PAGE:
The fact is batch correction is something which is always having a chance of over fitting. If one can see the batches they already know then either you can use combat to reduce that effect or use SVA to use them as covariates to model the DE testing. Now you have to test both in order to see which gives a better biological variability post implementation of either of the two. I prefer SVA since am always pretty sure that one cannot be knowing every confounders a priori and I don't like to use combat. Preferably I use them as covariates taking the SVs in the model as a way to reduce their impact and do my DE testing . Batches is not always between labs. It can be also between machines, different people and so on. So you might encounter multiple patterns and the biggest variability will be captured. But right now am concerned if the OP has RNASeq data or not. If no then normalization of public data is fine. Using of batch corrected normalization is also OK. But OP can't simply put microarray samples with the public or other lab RNASeq data .

Thanks for elaborating. I also meant to specify the covariates in the design formula of e.g. DESeq2 as in (hypothetically):

@WouterDeCoster This is a classic example of the multifactorial design which at times models the covariates but actually not using the batch correction. It might not always work but if you find the SVs you can use their information in the design and then create your new model for DESeq2 analysis.

Usually the designs are as well (simplest) : You do not specficy any batches.

Let me know if its clear or not.

Thanks! Certainly clear enough.

Hi vcrhis_ngs,

In your comment above, which package is the "plPCA" function from, I can't seem to find it anywhere. Or if it was a typo, what's the actual function/package name you used to draw your corrected PCA?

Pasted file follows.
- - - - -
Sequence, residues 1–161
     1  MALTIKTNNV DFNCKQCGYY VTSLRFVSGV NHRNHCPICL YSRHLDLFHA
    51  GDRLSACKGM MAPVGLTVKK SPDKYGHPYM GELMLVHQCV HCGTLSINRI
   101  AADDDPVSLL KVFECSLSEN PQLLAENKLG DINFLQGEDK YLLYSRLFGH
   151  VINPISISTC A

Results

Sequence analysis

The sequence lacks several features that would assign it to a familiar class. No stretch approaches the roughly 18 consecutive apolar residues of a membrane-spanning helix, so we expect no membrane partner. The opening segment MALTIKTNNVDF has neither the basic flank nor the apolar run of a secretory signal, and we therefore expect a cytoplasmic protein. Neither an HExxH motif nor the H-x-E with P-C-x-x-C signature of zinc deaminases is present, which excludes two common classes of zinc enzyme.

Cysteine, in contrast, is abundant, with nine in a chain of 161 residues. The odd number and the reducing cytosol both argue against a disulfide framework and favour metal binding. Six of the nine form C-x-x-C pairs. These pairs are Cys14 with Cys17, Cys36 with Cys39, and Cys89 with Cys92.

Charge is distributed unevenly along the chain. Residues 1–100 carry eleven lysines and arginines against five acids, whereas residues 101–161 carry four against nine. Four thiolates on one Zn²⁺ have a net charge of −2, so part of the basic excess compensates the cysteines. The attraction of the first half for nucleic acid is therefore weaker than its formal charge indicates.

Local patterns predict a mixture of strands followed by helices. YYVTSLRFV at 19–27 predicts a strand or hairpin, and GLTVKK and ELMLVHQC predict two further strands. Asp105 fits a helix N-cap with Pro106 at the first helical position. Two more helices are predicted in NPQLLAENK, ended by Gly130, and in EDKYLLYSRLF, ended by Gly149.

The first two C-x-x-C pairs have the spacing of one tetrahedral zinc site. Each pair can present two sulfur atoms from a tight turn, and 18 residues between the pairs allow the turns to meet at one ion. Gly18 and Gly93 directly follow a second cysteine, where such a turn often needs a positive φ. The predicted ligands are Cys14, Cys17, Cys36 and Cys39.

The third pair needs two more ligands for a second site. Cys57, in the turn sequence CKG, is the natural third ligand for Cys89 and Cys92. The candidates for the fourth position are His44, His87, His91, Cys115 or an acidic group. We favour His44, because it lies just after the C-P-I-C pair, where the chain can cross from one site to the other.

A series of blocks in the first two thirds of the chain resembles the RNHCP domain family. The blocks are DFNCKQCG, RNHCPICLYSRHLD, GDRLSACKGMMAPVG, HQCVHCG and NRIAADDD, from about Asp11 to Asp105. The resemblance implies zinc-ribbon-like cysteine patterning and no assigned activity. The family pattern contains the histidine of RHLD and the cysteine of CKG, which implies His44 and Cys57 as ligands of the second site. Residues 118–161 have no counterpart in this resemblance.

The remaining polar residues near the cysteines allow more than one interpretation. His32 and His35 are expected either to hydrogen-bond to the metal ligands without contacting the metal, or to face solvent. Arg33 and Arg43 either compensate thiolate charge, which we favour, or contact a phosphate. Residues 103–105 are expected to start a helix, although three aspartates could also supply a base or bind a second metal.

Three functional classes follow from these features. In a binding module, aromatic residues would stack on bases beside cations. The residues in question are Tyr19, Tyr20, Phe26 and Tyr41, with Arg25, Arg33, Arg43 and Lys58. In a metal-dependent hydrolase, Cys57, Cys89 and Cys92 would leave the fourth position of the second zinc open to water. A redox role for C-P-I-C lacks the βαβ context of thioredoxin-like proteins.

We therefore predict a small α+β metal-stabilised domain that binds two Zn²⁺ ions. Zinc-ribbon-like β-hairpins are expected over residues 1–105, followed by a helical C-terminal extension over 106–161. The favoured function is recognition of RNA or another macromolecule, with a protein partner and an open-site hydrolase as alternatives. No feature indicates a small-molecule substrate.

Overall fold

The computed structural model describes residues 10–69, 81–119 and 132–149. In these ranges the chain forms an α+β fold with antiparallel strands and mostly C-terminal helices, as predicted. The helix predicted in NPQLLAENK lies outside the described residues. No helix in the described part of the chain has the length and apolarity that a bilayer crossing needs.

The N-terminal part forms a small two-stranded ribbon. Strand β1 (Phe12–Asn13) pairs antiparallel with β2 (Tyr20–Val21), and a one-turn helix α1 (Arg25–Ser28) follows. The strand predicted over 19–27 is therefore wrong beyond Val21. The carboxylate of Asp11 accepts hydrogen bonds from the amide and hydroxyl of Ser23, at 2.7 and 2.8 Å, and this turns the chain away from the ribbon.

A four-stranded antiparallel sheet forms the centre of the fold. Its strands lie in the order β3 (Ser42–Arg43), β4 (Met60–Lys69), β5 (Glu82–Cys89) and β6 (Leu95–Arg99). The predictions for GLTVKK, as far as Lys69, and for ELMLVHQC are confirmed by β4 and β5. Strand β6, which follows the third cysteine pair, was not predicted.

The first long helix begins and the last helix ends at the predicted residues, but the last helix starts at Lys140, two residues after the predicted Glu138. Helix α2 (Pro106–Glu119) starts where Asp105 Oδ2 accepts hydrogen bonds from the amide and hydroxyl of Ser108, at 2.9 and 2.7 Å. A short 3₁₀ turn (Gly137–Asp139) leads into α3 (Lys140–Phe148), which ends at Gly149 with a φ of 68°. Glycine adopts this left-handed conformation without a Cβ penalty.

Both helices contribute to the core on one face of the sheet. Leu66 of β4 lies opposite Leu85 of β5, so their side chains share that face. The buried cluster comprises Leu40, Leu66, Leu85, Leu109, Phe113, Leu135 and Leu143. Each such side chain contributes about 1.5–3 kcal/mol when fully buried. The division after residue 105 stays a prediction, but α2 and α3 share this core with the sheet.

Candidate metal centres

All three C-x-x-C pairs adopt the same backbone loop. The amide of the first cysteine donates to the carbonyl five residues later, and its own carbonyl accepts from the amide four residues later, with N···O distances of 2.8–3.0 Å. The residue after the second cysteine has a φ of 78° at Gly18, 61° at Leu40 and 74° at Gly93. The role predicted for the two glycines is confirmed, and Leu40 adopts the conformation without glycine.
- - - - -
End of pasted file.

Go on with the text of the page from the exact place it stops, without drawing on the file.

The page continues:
Thanks,

hi stan, Did you find the answer? i could not find the function "plPCA" either.

Hi both,

Apologies for the late reply. I have replied to it here.

This tutorial has the necessary details. It uses both SVA and DESeq2. Also links earlier I have posted have the code snippet that this tutorial misses which can give you an idea how model the covariates into your design. Sorry am on mobile phone so only can scribble this much. If you have problems reach out I will redirect to a proper code later if you cannot still figure it out. Just detail where you get the error and what you cannot achieve. Good luck!

Thanks, but my question was theoretical concerning the best approach to handle a covariate. So no errors for now ;)

Here is my scripts. I rund num.sv but it gave me n.sv =0. Everything run normally but I don't know whether I should trust n.sv number here and skip the batch effect step. Can you give me some hints? That is how I named my files, cell_type_counts.

you are looking for n.sn there and not n.sv which you have used. However, the code is fine unless you check if the value of n.sv=0 as well. If so then congratulations no confounding factors. It will be now important to see your PCA for me to really tell if you have batches or not and if the PCA shows segregations or clusters based on lab then SVA leek method is not able to find them.

sorry, I miss type it. n.sv is 0. What other methods are available? I didn't see it in the tutorial. I still don't understand how you can tell whether there are batch effects based on PCA. What I want to know from PCA is that whether the cell types generated from different labs are similar to each other and whether our cells are closed to primary human cells. We used stem cells and have our own protocol to generate certain cell types. So I don't know whether they should be clustered together or not. That's the question I want to know. If I know they should be same, I understand that the big distances among my samples result from batch effects. But the problem is I don't know they are similar or not. Here is one plot I have. Thank you

unavailable, PCA plot

Saw your PCA,

I can only see 4 samples in the plot. Does that include your sample as well? What does the color indicate , different labs? If so then you can see clearly data are separated by labs. Just one thing why is just 4 samples? Is it that other lab data is not having replicates and also your data? In that case nothing holds. You will not be able to achieve much from such analysis or PCA as well. Usually for any DE analysis you need 3*3 (3 samples or replicates per condition to have effective statistically viable results)